Winter Snow Melt in Greenland Grossly Over-Estimated

ImaGeo iconImaGeoBy Tom YulsmanMar 19, 2013 6:29 PM


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The cumulative melt extent in Greenland is shown before the correction at left, and after at right. (Source: National Snow and Ice Data Center) Back in February, satellite observations indicated that snow was melting — in the dead of winter — across large portions of Greenland's eastern coast. (I wrote about it here.) But now, it looks like the algorithm used to process data coming from the satellite was grossly over-estimating the melt. The National Snow and Ice Data Center has revised the algorithm to better estimate conditions on the ground, and the result, posted to the Greenland Ice Sheet Today web site last night, is seen above. Whereas the original estimate seemed to show upwards of 50 days of melting in some places from the first of the year until now, the revised algorithm reveals very little surface melt at all. 

What happened? "Despite the fact that it has been a warm winter, it has not exceeded the freezing point nearly as often as the algorithm indicated," Ted Scambos, a research scientist with the NSIDC, told me in an email message yesterday. (Click on the thumbnail map at right to see how temperatures in Greenland have departed from the norm.) He continued:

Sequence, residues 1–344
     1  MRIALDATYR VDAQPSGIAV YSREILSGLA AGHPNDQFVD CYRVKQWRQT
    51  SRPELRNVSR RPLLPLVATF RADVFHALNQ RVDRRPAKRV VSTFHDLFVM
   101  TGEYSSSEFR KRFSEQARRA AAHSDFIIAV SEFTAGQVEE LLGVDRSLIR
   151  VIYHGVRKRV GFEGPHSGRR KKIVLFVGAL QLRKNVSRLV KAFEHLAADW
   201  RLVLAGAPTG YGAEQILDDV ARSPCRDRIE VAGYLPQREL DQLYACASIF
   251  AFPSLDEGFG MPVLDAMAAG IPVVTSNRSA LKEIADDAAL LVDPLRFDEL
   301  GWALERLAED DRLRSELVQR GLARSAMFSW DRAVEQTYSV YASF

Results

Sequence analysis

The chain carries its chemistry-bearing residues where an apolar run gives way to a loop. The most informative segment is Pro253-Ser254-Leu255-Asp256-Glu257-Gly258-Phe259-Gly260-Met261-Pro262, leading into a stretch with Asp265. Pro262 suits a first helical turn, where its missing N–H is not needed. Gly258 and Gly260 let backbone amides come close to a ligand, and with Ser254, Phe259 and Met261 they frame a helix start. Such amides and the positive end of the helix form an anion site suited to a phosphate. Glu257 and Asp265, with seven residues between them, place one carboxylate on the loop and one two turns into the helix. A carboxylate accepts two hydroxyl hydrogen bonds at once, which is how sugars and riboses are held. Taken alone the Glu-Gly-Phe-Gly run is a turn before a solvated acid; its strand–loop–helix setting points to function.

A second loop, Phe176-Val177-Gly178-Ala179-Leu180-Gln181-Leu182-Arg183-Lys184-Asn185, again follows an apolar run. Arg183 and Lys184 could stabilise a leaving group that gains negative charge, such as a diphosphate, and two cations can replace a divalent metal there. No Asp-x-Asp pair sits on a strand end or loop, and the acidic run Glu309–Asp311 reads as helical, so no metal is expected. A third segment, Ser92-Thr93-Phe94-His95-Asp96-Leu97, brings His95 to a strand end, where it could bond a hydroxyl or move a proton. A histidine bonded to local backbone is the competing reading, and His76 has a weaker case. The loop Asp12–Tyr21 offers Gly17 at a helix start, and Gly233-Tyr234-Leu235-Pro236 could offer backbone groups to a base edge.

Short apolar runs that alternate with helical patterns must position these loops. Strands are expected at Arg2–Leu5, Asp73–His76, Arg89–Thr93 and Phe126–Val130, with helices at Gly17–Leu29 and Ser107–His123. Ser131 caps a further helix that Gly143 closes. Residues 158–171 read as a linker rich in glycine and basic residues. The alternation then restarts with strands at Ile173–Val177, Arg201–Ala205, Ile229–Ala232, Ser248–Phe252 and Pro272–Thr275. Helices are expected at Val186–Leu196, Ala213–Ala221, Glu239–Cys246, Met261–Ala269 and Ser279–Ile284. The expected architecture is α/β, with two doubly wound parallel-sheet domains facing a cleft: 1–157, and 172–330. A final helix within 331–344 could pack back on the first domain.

Your article was exactly what we were thinking at that point. But later work and data showed that we had a very unusual snowpack, much warmer (and warm at depth) than previously seen. This tripped our model for melt detection. We have now re-run the model with data from 2013, and we see far less melt than before.

Something strange was happening, just not melting at the surface, Scambos says. It turns out that the intense surface melt that occurred last summer — which affected upwards of 97 percent of the Greenland Ice Sheet — left behind unusually warm snow. Heavy snowfall this winter then buried the warmer layers, according to the NSIDC. In addition, there's some indication that meltwater from the summer remains unfrozen at about 5 meters beneath the surface. All of this contributed to the spurious readings indicating extensive melting. "Fundamentally, this is still a story: very warm firn is a result of the extreme melting season from last year," Scambos says. "However, we are still awaiting the true start of the 2013 melt season (at least, for 99.9% of the island)."

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